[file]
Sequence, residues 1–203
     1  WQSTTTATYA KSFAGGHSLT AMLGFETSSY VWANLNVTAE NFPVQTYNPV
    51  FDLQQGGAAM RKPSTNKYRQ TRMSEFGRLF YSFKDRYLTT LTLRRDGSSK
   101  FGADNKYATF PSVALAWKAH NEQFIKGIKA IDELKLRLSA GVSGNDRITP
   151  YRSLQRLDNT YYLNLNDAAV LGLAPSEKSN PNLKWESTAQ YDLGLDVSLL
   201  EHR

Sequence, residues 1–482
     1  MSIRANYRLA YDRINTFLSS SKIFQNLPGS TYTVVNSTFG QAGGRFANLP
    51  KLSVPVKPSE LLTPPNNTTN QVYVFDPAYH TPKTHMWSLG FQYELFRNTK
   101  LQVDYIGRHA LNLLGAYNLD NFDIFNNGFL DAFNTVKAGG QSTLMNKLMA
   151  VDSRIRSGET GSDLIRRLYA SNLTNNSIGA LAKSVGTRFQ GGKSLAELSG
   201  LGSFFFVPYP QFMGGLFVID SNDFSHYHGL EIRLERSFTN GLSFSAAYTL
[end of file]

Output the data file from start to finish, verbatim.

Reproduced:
Sequence, residues 1–203
     1  WQSTTTATYA KSFAGGHSLT AMLGFETSSY VWANLNVTAE NFPVQTYNPV
    51  FDLQQGGAAM RKPSTNKYRQ TRMSEFGRLF YSFKDRYLTT LTLRRDGSSK
   101  FGADNKYATF PSVALAWKAH NEQFIKGIKA IDELKLRLSA GVSGNDRITP
   151  YRSLQRLDNT YYLNLNDAAV LGLAPSEKSN PNLKWESTAQ YDLGLDVSLL
   201  EHR

Sequence, residues 1–482
     1  MSIRANYRLA YDRINTFLSS SKIFQNLPGS TYTVVNSTFG QAGGRFANLP
    51  KLSVPVKPSE LLTPPNNTTN QVYVFDPAYH TPKTHMWSLG FQYELFRNTK
   101  LQVDYIGRHA LNLLGAYNLD NFDIFNNGFL DAFNTVKAGG QSTLMNKLMA
   151  VDSRIRSGET GSDLIRRLYA SNLTNNSIGA LAKSVGTRFQ GGKSLAELSG
   201  LGSFFFVPYP QFMGGLFVID SNDFSHYHGL EIRLERSFTN GLSFSAAYTL